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Common Law Test

Applying the Common Law test to determine whether a worker is an employee or an independent contractor basically consists of analyzing the level of control the employer exerts over the worker. The more control possessed by the employer (especially over the means of accomplishing a task rather than the end result), the more likely a worker is an employee. Control, in this instance, is defined as the level of legal right to direct rather than the level of direction actually provided.

The IRS uses a twenty-question test to assess the level of control. (Most states, on the other hand, use a more stringent, three-part test [ABC Test], to determine whether a worker is an employee.) Yes answers provide evidence of an employer - employee relationship.

(1) Is the worker required to follow the employer's instructions in completing the job or accomplishing the task?

(2) Does the employer provide the training necessary for completion of the job?

(3) Are the worker's specific personal services required for successful completion of the job?

(4) Are the worker's services crucial to the success or continued existence of the company?

(5) Does the employer set work hours?

(6) Does the worker have a continuing relationship with the company?

(7) Does the employer hire, supervise, or pay any of the worker's assistants?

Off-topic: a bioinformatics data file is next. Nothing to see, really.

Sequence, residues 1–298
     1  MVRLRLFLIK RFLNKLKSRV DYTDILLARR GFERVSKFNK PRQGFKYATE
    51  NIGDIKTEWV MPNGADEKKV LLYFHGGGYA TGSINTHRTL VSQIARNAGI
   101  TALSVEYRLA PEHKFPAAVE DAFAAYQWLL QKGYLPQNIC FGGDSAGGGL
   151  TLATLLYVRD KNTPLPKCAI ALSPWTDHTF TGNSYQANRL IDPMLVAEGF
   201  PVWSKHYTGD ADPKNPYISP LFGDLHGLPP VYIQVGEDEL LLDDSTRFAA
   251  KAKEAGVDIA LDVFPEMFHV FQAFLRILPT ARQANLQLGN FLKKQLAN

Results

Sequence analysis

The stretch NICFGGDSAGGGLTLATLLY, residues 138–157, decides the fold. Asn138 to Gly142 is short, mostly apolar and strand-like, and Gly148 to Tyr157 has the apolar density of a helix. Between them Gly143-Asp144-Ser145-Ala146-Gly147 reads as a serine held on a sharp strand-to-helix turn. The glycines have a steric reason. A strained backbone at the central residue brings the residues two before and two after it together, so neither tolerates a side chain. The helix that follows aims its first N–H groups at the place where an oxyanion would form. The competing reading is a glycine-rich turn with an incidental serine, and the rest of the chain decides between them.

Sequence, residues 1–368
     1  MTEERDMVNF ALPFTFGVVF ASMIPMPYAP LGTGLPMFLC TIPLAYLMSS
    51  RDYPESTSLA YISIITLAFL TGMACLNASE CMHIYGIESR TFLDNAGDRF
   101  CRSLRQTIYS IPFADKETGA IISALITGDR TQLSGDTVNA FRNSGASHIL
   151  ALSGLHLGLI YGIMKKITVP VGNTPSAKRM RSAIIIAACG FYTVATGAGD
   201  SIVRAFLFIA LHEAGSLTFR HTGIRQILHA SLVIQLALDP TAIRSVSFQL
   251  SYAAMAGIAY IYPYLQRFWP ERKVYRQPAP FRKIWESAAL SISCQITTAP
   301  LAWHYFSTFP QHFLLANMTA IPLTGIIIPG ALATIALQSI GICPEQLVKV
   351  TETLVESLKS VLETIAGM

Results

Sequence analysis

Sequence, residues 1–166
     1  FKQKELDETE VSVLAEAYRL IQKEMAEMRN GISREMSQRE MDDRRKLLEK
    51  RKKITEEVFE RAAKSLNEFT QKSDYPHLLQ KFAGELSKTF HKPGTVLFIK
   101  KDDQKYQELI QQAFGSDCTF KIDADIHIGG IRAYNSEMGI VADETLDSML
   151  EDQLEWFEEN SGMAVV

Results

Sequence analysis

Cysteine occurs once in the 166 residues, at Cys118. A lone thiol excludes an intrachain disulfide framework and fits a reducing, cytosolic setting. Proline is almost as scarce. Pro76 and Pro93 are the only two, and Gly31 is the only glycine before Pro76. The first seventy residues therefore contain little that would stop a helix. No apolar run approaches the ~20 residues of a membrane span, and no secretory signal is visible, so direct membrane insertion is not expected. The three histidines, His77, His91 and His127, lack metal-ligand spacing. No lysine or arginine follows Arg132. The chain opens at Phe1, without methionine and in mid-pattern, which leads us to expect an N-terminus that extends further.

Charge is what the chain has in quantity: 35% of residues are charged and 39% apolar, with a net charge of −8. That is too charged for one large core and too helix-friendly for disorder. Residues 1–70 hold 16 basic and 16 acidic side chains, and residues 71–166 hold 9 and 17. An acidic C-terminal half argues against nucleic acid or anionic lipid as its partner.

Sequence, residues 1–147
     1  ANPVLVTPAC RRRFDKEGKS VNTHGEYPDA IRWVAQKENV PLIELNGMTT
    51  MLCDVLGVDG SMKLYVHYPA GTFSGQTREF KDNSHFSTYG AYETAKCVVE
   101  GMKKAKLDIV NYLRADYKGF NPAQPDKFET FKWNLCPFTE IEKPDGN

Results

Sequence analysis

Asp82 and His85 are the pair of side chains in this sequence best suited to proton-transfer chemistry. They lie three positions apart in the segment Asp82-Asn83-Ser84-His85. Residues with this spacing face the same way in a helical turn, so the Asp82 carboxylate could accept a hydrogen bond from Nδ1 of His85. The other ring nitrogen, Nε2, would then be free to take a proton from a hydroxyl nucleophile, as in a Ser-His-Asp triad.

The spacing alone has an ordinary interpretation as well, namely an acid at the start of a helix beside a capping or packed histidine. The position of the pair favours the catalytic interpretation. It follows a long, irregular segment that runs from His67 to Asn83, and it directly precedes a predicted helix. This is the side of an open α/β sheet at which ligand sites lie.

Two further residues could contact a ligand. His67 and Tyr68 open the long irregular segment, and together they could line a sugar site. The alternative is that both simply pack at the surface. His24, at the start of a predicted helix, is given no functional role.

(8) Is the worker precluded from seeking assignments with other companies or from refusing assignments offered by the employer?

(9) Does the employer specify the location where the work must be performed?

(10) Does the employer direct the order or sequence of tasks to be performed?

(11) Does the employer require regular progress reports?

(12) Is the worker paid by the hour, week, or month, rather than for the completion (or stage of completion) of the project?

(13) Does the worker work only for the employer?

(14) Does the employer pay business overhead and incidental expenses?

(15) Does the employer provide equipment, tools, and materials?

(16) Is the work performed on the employer's premises or using the employer's facilities?

(17) Are the worker's services not available to the general public?

(18) Does the employer provide a minimum "salary" and therefore shield the worker from the risk of profit or loss on the job.

(19) Does the employer have the right to terminate the worker even if the job results are achieved?

(20) Is the employer required to pay the worker for time spent even if the job is not completed?

Answers to the above questions will help determine whether a worker is an independent contractor or an employee. Job title, designation as a "contractor" within the terms of the "contract," or the actual degree of freedom enjoyed by the worker have no bearing on the level of legal control and therefore no weight in the determination of status.


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Helpful Hint... Anytime you move or have a major life change (for example - marriage, divorce, birth of a child, etc.) always be sure to complete a new W-4!